Omar Vizquel, the Wing of Amazing, and Toy Story 3

Last week over at the Sweetspot, Rob Neyer proposed something new for players like Omar Vizquel, who are special or unique, but not exactly Hall of Fame-worthy:

The writers desperately want to do something for Vizquel, and they just can’t think of anything except the Hall of Fame. Roger Maris had two great seasons, a few good ones, and in 1988 43 percent of the Hall of Fame voters voted for him. Essentially, Maris got the same support in his last year on the ballot that Jeff Bagwell just got in his first year. Don Larsen had zero great seasons, a few decent ones, and one year 53 Hall of Fame voters voted for him. Today, roughly half the Hall of Fame voters fervently believe that Jack Morris belongs in the Hall of Fame … even though Morris, with the exception of one brief moment in 1991, was never considered a great pitcher by many of these same voters.

What I am proposing is a Wing of the Amazing, for players who really don’t belong in the Hall of Fame because they weren’t good enough, but did some things that do deserve to be celebrated.

Rob goes on to list some criteria for the Wing, including “no one-game wonders” (like Larsen), “no freak shows” (like Eddie Gaedel), and, most importantly, no Hall of Fame-worthy players who were somehow overlooked for their due honor, like Bobby Grich, Ron Santo, or Lou Whitaker.

I really like the idea. The Hall of Fame should be about celebrating the game (among other things), and “amazing” or “bizarrely unique” players like Vizquel or Jamie Moyer are certainly worth celebrating, even if they aren’t quite deserving to be inducted into the Hall-proper. The problem I have with the concept, though, is that last criterion.

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In tonight’s Golden Globes awards show, the film The Kids Are Alright beat out Alice in Wonderland, Burlesque, Red, and The Tourist in the “Best Motion Picture – Comedy or Musical” category. Meanwhile, Toy Story 3, a vastly superior film to at least four of those listed (I’ll give The Kids Are Alright a slight benefit of the doubt), was wallowing amongst the likes of Tangled in the “Best Animated Feature Film” category. Toy Story 3, of course, slaughtered its competition to take home the award. It’s a nearly meaningless victory, however: no one ever remembers who wins the “Animated” category because a) there is never any competition there and b) it’s a category full of kids’ movies. The sad thing is, Toy Story 3 had a very good chance at walking away with the much more prestigious “Comedy or Musical” Golden Globe this year if it had only been allowed to. Instead, it was relegated to the “Animated Film” ghetto and made to compete there. There is almost no doubt in my mind that the same thing will happen in two weeks when the Academy Award nominations come out.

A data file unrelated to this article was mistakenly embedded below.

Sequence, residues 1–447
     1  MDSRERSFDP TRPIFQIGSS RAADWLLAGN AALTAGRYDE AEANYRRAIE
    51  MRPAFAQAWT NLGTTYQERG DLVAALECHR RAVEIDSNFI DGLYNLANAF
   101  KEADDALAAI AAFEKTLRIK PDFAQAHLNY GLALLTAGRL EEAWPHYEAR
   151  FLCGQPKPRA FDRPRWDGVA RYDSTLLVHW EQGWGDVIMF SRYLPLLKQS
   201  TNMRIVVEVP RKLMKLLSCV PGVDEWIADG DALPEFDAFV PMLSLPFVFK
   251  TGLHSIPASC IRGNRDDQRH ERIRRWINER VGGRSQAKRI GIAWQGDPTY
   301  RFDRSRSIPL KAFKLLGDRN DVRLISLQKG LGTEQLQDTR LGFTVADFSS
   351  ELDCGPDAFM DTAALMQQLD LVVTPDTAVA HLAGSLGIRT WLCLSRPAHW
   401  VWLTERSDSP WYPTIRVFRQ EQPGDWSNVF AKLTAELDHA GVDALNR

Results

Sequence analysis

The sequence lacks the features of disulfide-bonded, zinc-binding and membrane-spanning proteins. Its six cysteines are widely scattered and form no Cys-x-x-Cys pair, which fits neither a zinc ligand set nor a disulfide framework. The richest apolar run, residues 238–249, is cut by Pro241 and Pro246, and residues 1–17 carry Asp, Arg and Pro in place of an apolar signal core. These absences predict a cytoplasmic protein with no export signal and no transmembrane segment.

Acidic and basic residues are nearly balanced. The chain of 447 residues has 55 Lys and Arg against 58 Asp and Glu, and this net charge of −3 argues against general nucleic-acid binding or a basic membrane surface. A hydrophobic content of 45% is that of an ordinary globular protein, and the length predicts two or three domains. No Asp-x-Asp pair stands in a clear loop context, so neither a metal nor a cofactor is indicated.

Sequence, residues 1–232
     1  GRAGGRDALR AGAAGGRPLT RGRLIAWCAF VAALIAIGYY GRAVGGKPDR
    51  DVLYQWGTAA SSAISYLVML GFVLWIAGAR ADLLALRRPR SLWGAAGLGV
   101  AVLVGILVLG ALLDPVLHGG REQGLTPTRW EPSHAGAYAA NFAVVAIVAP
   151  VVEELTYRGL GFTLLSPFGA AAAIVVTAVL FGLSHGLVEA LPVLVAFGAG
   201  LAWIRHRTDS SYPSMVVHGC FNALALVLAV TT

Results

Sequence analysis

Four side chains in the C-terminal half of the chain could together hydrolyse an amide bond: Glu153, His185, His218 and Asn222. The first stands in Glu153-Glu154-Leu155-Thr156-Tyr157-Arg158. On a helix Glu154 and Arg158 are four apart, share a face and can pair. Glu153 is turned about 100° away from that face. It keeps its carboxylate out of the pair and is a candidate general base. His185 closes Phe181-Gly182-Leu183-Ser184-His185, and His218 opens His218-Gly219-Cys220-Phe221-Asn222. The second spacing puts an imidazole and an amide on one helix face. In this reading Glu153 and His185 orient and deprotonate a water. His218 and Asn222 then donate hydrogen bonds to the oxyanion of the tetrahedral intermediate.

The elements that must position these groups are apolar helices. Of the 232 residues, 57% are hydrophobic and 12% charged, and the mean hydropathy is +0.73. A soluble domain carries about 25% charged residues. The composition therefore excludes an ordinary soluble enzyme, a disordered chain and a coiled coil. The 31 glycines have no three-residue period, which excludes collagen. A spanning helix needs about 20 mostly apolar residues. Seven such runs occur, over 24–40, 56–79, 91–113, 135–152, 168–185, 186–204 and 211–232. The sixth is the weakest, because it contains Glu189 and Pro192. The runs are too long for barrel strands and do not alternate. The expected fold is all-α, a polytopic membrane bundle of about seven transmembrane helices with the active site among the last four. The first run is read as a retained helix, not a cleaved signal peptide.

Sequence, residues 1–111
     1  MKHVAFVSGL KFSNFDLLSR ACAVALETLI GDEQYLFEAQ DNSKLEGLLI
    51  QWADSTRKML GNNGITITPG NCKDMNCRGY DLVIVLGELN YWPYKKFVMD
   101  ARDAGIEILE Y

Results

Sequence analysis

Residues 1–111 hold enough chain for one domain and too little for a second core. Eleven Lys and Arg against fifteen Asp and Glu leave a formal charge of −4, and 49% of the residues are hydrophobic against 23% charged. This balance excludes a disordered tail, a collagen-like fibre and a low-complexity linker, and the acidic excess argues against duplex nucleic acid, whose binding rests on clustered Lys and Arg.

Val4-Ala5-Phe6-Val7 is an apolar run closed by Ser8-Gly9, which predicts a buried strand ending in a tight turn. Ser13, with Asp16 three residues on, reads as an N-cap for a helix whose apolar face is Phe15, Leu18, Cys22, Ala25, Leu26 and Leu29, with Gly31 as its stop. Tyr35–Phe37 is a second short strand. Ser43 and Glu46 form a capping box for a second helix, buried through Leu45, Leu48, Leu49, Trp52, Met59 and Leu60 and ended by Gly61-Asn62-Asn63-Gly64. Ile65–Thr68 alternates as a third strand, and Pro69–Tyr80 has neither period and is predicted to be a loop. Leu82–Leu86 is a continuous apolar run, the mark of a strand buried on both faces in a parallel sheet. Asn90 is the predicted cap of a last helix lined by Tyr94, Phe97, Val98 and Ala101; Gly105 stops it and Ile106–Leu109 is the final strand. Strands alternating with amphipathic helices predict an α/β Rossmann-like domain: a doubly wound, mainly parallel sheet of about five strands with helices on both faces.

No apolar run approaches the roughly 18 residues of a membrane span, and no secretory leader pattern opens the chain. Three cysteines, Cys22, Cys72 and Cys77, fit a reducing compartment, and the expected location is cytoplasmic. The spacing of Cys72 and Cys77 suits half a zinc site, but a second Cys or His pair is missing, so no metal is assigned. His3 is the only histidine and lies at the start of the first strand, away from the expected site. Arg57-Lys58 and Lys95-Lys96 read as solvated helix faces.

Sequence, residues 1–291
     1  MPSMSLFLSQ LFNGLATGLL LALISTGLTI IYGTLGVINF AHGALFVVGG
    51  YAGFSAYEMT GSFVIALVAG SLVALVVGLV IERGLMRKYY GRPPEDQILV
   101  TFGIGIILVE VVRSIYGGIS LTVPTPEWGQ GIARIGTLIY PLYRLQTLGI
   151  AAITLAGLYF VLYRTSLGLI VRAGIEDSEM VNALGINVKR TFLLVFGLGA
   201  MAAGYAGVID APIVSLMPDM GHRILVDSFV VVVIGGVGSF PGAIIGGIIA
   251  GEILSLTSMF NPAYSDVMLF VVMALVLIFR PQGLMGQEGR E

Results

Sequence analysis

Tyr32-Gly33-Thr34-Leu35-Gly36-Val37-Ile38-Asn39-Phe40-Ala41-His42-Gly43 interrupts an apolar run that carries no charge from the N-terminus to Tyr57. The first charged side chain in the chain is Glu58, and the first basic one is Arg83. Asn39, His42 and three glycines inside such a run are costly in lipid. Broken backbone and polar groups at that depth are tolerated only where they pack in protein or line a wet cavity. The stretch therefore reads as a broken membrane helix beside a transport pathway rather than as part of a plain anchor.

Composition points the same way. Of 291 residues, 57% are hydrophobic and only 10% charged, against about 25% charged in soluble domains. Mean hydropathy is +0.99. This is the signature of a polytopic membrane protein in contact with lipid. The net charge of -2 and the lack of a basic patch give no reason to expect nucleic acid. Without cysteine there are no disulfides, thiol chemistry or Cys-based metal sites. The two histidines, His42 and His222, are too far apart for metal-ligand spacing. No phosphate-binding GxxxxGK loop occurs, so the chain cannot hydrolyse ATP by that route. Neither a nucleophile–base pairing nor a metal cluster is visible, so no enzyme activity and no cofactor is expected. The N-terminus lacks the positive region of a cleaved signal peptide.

If the Hall of Fame were ever to implement something like the Wing of Amazing, I fear the same thing will happen. At some point, an over-qualified player will get on the Hall of Fame ballot that voters, for some reason, won’t immediately gravitate to – think Edgar Martinez or Jeff Bagwell or Tim Raines or Bobby Grich or Alan Trammell or Will Clark or dozens of others. With the Wing of Amazing, writers would now have an excuse to ignore these players’ true HOF value while still “honoring” them. Instead of giving them the long, detailed look that they deserve, the writers will be able to put them in the Wing of Amazing and forget about them. With the “honor” thus bestowed, there will be no more reason to study his qualifications. It will be Toy Story 3 beating out Tangled in the “Animated” category instead of battling it out with Inception or The King’s Speech in the real “Best Film” category.

There’s a lot to love about the Hall of Fame, and a lot worthy of criticism. The Wing of Amazing could very well be a big step towards fixing some of those criticisms while also giving fans around the world another good reason to visit Cooperstown. But with the politics involved in the election process (not to mention some of the, shall we say, less-informed electorate), I would be very worried about how it might impact future inductees. We’d certainly want to look into a bit more.

Whatever the case, I think we can all agree on one thing: Toy Story 3 deserves to be placed against much stiffer competition than Tangled or Despicable Me. That just doesn’t cut it.

Larry Granillo

About Larry Granillo

Larry Granillo has been writing Wezen Ball since 2008 and has dealt with such touchy topics as Charlie Brown's baseball stats and Ferris Bueller's day off. In 2010, he got the bright idea to time every home run trot in baseball; he has been missing ever since.

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